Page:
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Posts tagged ‘spring’

Pothole Season

© Jo Hewitt THE TEAL MANGO, 2016

 

Winter is almost over and while we await the appearance of our illusions of spring, we have begun that annoying little in between time-pothole season. Anyone who successfully makes it through this season is ready to tackle any slalom competition. Some years, the city is better than others in dealing with this annual phenomenon of potholes popping up (or sinking in) like a rash of inverted mushrooms through the pavement, asphalt eating car killer spores. One year they were so bad at a major intersection near my home, I referred to them as a series of recreational finger lakes, the largest of which I named Lake ——–(insert the name of the mayor of your city here).

Maybe a local radio station could host a contest to find the largest pothole in the city, offering a huge $$$ prize. But since this is one of the places in Murica that hasn’t had a booming financial recovery yet, and if you happened to have had a mayor that diverted municipal funds to frivolous projects constructed by his campaign contributing cronies instead of spending it on neighborhood improvement and educational and real economic and job creation opportunities, some of the good citizens might just make the holes bigger in order to win the prize. Well, there you go. Anyway, I wrote a little song, sung to the tune of “Springtime in the Rockies”.

Pothole Season

 

Well, it’s springtime in my city, 

 

Potholes dot every road again. 

 

I tried to steer around them,

 

But I think my car fell in. 

 

The axle’s bent, broken, and mangled.

 

And so is every rim.

 

Yes, it’s spring time in my city. 

 

I need to be towed, again.
 
 
 
 
 
Pothole Sign

 

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Haiku and Loku Days-Fledgling-Transcendence of a Mother’s Love

© Jo Hewitt THE TEAL MANGO, 2013

The SSB Drever and I chanced a walk today between sprinkles and threats of storms. We traveled along familiar paths. We saw people planting flowers and attending gardens, people sharing luncheons and coffee, a mother patiently on the sidelines while her daughter practiced, learning to ride her bicycle. People were out and about enjoying the life that the refreshing air of spring brings. New beginnings, hope, a fresh outlook.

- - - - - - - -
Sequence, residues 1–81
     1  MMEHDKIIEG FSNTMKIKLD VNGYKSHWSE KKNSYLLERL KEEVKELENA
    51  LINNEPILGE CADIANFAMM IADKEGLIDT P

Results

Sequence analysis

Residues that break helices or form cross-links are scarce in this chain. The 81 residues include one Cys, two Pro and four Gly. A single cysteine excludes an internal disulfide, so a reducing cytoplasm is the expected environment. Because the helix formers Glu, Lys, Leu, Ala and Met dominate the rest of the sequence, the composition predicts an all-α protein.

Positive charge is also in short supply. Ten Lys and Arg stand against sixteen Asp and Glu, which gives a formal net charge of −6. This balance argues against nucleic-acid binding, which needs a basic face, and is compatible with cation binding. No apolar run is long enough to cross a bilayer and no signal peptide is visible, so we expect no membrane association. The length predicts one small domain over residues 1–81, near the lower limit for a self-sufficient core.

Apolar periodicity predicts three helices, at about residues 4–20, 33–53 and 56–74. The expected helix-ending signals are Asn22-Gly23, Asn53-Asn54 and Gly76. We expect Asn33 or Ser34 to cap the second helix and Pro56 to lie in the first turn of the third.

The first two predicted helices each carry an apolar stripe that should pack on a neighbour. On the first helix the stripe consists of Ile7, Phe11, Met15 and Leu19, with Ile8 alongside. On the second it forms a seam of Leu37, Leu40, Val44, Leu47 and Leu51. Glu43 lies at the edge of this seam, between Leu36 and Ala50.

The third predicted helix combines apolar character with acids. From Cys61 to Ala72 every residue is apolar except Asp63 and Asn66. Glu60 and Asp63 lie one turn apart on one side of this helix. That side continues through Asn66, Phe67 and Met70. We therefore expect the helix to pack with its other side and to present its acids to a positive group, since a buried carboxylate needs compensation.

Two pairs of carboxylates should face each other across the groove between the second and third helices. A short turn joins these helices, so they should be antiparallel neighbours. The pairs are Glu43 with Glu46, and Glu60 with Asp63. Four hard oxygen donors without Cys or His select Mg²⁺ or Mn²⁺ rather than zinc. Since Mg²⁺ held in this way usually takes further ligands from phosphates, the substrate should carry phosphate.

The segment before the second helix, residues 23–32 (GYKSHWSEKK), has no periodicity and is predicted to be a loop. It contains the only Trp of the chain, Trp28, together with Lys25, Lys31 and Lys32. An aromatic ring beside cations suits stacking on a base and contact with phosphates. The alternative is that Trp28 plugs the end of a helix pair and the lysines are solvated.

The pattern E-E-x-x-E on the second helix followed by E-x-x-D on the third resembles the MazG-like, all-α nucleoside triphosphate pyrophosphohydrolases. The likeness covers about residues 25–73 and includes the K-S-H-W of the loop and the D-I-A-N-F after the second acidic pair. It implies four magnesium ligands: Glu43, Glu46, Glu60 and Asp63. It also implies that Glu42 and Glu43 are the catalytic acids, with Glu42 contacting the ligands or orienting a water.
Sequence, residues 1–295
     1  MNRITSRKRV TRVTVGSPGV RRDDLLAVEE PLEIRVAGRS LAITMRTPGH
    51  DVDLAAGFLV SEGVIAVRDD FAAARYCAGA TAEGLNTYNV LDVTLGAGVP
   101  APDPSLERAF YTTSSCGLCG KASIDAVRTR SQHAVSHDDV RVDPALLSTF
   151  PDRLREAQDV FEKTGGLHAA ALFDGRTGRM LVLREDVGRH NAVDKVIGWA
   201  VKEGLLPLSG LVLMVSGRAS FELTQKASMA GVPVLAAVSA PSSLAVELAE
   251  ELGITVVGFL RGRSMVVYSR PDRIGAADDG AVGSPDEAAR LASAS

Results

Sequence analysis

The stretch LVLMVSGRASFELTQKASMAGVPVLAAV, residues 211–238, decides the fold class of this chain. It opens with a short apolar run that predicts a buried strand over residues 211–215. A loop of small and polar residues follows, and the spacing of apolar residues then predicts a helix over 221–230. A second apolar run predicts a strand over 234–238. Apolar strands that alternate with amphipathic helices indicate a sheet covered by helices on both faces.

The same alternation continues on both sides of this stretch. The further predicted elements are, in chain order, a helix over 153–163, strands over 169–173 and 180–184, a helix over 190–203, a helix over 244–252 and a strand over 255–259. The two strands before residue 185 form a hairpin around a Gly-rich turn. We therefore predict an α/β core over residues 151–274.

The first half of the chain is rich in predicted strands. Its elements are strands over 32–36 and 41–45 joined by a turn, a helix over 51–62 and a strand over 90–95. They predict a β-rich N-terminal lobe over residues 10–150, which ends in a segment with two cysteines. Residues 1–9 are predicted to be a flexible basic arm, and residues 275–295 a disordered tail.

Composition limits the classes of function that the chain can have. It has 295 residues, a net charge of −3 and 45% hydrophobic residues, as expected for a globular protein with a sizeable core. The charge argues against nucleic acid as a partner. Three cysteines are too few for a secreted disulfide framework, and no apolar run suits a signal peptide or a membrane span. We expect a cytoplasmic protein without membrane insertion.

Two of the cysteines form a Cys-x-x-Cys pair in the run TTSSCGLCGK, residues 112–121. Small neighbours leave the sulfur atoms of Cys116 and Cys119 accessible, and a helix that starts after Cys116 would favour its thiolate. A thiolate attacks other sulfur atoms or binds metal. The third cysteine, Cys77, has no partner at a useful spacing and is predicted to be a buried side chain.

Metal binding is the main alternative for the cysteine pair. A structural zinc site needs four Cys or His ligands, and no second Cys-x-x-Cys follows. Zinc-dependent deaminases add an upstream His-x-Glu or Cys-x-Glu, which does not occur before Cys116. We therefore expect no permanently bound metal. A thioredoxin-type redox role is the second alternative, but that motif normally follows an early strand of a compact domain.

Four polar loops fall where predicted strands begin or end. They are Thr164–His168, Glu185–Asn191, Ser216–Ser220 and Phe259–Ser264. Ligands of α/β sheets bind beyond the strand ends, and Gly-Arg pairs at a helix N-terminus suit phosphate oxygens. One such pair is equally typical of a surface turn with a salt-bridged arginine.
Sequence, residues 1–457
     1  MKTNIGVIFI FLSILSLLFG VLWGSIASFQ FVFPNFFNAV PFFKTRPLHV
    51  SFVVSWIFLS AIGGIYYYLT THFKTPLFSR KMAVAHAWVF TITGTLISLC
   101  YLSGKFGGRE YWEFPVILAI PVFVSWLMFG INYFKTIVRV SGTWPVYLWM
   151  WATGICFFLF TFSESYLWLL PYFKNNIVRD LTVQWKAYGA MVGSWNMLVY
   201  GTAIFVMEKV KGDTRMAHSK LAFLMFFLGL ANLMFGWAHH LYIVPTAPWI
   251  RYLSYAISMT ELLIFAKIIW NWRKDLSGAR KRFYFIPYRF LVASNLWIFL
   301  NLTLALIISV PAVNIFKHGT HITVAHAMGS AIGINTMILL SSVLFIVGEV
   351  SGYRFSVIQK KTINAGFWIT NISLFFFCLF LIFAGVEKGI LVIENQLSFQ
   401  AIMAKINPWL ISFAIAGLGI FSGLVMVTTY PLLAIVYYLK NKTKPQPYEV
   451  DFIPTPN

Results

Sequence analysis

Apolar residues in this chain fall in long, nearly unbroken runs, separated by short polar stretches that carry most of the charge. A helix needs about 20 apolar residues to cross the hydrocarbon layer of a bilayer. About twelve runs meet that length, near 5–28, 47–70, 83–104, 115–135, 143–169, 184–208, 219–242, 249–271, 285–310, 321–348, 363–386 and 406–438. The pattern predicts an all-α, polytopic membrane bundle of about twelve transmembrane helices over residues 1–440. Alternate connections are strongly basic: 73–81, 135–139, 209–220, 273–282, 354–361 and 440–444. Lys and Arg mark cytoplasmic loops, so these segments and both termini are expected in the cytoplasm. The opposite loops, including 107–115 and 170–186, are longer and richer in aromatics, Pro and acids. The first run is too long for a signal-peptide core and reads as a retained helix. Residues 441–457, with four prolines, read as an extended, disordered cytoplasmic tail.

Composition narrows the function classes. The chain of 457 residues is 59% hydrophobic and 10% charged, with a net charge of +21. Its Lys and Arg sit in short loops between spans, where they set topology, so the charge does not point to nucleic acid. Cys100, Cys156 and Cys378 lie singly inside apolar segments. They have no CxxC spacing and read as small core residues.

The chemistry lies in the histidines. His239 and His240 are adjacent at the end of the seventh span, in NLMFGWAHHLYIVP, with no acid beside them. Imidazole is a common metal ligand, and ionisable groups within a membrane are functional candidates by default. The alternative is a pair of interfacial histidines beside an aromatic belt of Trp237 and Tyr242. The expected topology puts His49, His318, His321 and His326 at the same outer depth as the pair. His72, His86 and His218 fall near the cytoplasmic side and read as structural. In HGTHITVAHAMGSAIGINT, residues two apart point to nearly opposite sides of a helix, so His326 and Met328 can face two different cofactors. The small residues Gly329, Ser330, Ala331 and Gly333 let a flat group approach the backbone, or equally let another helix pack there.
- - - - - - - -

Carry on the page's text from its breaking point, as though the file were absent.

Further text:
But at one point on the walk, I just stopped; tears welled up in me. Before me on the pavers was the body of a baby bird, its eyes closed, its body still naked, bereft of the feathers that would allow it to soar. It had landed in a somewhat contorted position with one wing twisted, pointing up toward the sky, the wind morbidly causing a slight flutter, belying a false sense of the hope of the resurgence of life . I looked up into the little crab apple tree to see the mother robin just sitting there, in the nest, not moving, barely blinking, keeping vigilance over the body of her baby child. How utterly horrible to have your baby taken from you to the realm of death. I stood for awhile to mourn with her, I cried the tears she could not.

I thought of my own children. I thought of the love that mothers give and the torment that mothers could endure in the day to day vigilance in the caring and rearing of their children in normal life let alone the horror of having them destroyed before you from war or starvation or from so many other atrocities.

I thought of my mother and her death only two months ago, of her last week of life, her body pale, her bareness, bareness of animation of her soul, an occasional movement of a finger or wrist, not unlike the death flutter of the dead baby bird. But her eyes were open and in them I could see the excruciating pain of dying. I thought of all the sacrifices she had made for all of us, of all the times a little part of her died.

I feel in someways we are all fledglings at any stage of life-or death. I am still a fledgling, not quite able to soar. Every stage of life requires the fearlessness of spirit to take flight. There are days I just don’t have it. I can no longer look to a nest for support, my mother hovering by. How many times in these two months have I thought, “Oh, I’ll call Mom.” But I can’t.  My children will always be my fledging babies. I stand back and watch them heading into the winds of the different stages of life. I am happy that they seem to be stronger and can fly higher than I could ever dream.

Mother child mother child mother child-the generations become one-one continuous cycle of life and love, of giving love and yearning for love. A mother’s love, no matter what form, bird or human, is an incarnation of the life force-love.

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Fledgling-Transcendence of a Mother’s love

 
 

Robin


Silent spring mourning,
 
Blind, bare, broken winged fledgling,                                
Dying flutter tears.                                                                                                          
                                                                    
 
 
 

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